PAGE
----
Scholar to diagnose California's problems, propose fixes at Freedom Frontline event

Scholar, author and syndicated columnist Victor Davis Hanson will speak at the Fairbanks Ranch Country Club on Thursday, Jan. 25, delivering a talk on what he sees as the ails facing the state of California and how to fix the problems.

The talk, titled "Making California Golden Again," is sponsored by Freedom Frontline, and is open to both group members and the general public. Tickets start at $75 for members and $100 for non-members for the open-seating dinner beginning at 7 p.m. Tickets for a 5:30 p.m. hosted reception, which includes reserved dinner seating and a copy of Hanson's latest book, "The Second World Wars," are $150 for members and $175 for non-members.

The emcee for the event will be Brett Winterble, who hosts an afternoon radio talk show on 760 KFMB.

To register for the event, visit www.FreedomFrontline.com or call 858-756-5759.

Hanson, a fifth-generation Californian, lives near Fresno on a farm that now produces almonds. He is a senior fellow at the Hoover Institution, and his areas of focus are military history and classics. He writes a syndicated column for Tribune Media Services and also writes for the National Review.

In a telephone interview, Hanson said his talk will offer "a diagnosis of what's ailing the state."

Those ills, according to Hanson, include high taxes, low-performing schools and infrastructure in need of repair and upgrades.

During his talk, Hanson said, he will also discuss the root causes of the problems plaguing the state, which he described as a lack of proper debate on legislation due to the dominance of one party, the Democrats, in state government; along with illegal immigration and pension costs that burden state finances.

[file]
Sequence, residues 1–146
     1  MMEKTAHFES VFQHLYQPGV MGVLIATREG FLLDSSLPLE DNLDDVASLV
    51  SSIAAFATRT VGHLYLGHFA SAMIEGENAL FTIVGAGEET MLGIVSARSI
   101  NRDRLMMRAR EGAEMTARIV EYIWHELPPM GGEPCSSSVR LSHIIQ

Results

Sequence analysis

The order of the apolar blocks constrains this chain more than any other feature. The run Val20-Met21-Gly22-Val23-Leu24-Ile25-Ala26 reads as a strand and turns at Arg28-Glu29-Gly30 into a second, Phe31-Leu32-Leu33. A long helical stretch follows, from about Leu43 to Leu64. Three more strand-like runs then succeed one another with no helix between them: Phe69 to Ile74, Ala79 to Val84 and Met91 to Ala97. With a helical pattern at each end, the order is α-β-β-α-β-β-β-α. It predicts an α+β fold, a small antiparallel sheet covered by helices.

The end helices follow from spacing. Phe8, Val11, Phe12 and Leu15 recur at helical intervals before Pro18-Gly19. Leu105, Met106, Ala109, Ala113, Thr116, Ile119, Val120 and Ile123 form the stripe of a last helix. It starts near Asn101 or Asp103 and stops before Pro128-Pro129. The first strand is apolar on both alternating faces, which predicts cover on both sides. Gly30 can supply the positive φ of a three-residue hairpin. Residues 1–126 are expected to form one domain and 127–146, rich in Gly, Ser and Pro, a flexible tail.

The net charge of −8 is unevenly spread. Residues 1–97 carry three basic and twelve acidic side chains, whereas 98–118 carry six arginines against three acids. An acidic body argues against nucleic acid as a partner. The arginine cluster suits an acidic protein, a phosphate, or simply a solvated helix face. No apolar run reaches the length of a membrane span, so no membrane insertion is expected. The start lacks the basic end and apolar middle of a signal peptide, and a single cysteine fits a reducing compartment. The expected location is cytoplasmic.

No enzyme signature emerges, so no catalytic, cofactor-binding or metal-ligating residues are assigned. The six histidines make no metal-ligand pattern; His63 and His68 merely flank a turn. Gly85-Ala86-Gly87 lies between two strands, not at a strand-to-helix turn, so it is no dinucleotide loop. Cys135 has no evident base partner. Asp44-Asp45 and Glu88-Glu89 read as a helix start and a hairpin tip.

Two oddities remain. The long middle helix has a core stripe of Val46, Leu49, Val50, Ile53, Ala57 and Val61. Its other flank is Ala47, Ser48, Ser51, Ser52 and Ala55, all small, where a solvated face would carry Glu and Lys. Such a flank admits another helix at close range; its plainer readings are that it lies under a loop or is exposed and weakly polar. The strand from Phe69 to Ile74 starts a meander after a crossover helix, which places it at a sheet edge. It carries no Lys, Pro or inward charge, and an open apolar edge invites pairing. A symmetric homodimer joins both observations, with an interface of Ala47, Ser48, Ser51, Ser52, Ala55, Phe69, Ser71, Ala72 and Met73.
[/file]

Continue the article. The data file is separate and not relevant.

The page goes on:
A high percentage of illegal immigrants to the U.S. settle in California, said Hanson. "That has taxed social services." The state also has unfunded pension liabilities, he said. "The pension system is a contributing cause of the financial uncertainty in the state."

The last part of his talk, Hanson said, will focus on solutions, such as cutting taxes and regulations to help attract and keep businesses in California, improving the transportation system, particularly roads, bridges and freeways, and barring so-called sanctuary cities, which generally decline to assist federal officials in enforcement of U.S. immigration laws.

Hanson has a rich background of scholarship and research, which he draws upon for his writings on a variety of topics, from military history, to classical literature and culture, to contemporary politics.

In a recent column for the National Review, which contrasted President Donald Trump with his predecessor, Barack Obama, Hanson wrote, "Even (Trump's) critics sometimes concede that his economic and foreign-policy agendas are bringing dividends. In some sense, it is not so much because of innovative policy, but rather that he is simply bullying his way back to basics we’ve forgotten over the past decades."

Hanson has written or edited 23 books. His most recent, "The Second World Wars," was published in October and, according to a description on Amazon.com, "examines how combat unfolded in the air, at sea, and on land to show how distinct conflicts among disparate combatants coalesced into one interconnected global war."

In his academic career, Hanson taught classical languages, such as Latin and Greek, and he has written several books on the ancient world, as well as volumes on military history, chronicling conflicts going back to the Peloponnesian War between Athens and Sparta, and other long-ago wars.

In "Mexifornia," published in 2003 and updated in 2007, Hanson contended that massive illegal immigration from Mexico has transformed the state. Hanson wrote, "... we Californians have been inadequate in meeting this challenge, both failing to control our borders with Mexico and to integrate the new alien population into our mainstream."

At the Hoover Institution, Hanson's focus is on classics and military history. In the past, he was a professor of classics at Fresno State. He continues to teach an annual history course at Hillsdale College in Michigan.

He lives southwest of Fresno in the town of Selma, in a farmhouse that has been in his family for five generations. Hanson used to grow raisin grapes on his 40-plus acres, but has since switched to almonds, which he said cost less to produce.

For more information on Hanson, visit victorhanson.com

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